Crime, Art and War

The Cello PlayerWhen it comes to the first of February, Philadelphia has never been able to claim much good fortune, or reasonable judgement:

2007 – The Pennsylvania Academy of the Fine Arts sells a whole Eakins, The Cello Player, to help pay for its half of The Gross Clinic. The 1896 portrait of Philadelphia musician Ruldoph Hennig, acquired directly from the artist, had been a gallery highlight at the Academy for the last 110 years.

1973 – Bandits cut phone cables in front of the Tredyffrin Township Police Station, setting off all the burglar alarms in the police communications center while a nearby bank branch is held up for $58,000.

1971 – Samson L. Freedman is the first teacher to be murdered by a pupil. The ceramics teacher at Leeds Junior High School in West Oak Lane was shot to death by Kevin Simmons, 14, as he left the school building.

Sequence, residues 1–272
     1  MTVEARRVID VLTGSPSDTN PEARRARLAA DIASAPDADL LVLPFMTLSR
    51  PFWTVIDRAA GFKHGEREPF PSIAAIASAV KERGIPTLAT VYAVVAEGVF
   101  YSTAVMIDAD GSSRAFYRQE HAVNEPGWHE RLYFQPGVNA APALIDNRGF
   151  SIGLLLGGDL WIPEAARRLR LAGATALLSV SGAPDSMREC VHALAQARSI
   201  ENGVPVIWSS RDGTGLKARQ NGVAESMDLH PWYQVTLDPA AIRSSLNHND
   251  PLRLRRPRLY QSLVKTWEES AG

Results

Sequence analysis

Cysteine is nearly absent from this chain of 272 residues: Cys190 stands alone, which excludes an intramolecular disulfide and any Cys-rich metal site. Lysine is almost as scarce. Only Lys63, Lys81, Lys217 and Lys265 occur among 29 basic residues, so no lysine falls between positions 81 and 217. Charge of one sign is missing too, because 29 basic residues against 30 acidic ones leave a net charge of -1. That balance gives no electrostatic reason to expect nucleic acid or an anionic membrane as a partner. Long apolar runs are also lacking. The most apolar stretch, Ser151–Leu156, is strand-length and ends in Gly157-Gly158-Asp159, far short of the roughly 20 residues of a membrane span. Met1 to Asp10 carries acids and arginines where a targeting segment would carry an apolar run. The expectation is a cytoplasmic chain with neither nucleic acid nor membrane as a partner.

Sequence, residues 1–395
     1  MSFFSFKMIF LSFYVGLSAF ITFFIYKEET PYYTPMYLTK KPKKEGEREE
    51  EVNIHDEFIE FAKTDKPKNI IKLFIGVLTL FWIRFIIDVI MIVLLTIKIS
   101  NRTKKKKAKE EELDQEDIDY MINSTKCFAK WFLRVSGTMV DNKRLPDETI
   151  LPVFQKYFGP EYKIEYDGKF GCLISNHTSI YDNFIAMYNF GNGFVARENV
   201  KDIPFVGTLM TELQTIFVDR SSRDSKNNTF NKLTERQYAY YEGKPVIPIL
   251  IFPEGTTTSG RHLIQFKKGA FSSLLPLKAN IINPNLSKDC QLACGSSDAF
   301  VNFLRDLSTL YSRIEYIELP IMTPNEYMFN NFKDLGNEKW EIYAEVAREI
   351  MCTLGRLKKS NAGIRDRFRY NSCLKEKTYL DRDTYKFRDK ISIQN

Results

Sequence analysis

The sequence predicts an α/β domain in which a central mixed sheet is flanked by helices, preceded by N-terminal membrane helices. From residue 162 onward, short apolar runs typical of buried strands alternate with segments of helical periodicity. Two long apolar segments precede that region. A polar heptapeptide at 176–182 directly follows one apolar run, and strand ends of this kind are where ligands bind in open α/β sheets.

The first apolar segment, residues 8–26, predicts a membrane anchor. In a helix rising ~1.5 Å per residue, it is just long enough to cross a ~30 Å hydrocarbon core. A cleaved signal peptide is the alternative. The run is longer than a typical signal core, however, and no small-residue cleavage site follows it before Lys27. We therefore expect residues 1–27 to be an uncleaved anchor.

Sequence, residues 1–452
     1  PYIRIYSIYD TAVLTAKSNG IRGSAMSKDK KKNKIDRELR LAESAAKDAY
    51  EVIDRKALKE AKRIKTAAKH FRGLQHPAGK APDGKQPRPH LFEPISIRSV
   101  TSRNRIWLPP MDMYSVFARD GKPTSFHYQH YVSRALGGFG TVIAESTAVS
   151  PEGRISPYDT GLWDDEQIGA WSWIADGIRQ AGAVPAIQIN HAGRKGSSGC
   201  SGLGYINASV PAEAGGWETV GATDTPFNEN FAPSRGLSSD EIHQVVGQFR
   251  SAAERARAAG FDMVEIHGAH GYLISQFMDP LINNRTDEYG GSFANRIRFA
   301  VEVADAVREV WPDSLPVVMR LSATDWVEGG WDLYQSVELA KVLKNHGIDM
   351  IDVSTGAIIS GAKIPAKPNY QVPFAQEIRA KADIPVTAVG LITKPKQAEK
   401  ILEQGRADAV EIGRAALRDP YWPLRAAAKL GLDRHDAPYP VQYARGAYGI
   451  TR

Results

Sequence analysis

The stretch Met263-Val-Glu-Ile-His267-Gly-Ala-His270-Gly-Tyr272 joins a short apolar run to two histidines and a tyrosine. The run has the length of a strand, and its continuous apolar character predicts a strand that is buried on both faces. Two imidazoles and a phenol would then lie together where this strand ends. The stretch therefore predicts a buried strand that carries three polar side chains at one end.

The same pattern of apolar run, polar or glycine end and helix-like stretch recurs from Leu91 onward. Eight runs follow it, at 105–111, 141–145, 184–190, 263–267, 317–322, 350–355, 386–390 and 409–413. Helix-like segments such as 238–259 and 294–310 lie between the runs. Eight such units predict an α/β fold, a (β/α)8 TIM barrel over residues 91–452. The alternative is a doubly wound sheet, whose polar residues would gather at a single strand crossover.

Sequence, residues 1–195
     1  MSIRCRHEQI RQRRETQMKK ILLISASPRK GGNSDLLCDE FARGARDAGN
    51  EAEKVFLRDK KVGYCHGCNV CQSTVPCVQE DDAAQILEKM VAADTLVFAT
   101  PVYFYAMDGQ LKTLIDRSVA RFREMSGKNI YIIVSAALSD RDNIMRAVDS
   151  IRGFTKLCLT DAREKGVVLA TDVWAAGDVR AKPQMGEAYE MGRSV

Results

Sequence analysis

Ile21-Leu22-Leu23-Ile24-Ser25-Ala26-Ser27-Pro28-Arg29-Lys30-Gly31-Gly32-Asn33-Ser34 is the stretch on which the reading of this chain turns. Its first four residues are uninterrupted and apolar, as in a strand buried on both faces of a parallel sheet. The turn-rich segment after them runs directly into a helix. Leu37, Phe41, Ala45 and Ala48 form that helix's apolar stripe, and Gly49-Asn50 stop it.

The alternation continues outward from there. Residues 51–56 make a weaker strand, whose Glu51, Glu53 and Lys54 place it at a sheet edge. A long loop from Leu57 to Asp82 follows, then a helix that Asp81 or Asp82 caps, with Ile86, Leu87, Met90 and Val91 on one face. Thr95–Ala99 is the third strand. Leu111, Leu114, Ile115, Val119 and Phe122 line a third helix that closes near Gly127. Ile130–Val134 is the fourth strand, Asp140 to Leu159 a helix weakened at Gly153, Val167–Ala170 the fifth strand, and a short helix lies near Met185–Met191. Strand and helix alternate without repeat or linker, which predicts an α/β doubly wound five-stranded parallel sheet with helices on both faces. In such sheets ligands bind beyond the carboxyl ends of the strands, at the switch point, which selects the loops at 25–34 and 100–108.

1945 – Wartime fears of possible bombings lead to a city-wide “brownout.” All electric signs and store window lights are extinguished.

1939 – A coroner’s inquest discloses first inklings of a massive arsenic insurance scam, to become known as the Philadelphia Poison Ring, a murder-for-hire gang responsible for 70 deaths.

1918 – To keep hospitals heated, officials commandeer 125 tons of coal.

1870 – Police crack down on small-time casinos, seizing tables and paraphernalia in the city’s illegal gambling establishments.

Explore posts in the same categories: Sixth Square Almanac

One Comment on “Crime, Art and War”

  1. RMUTT Says:

    Shame on PAFA.
    Everything else I can forgive.

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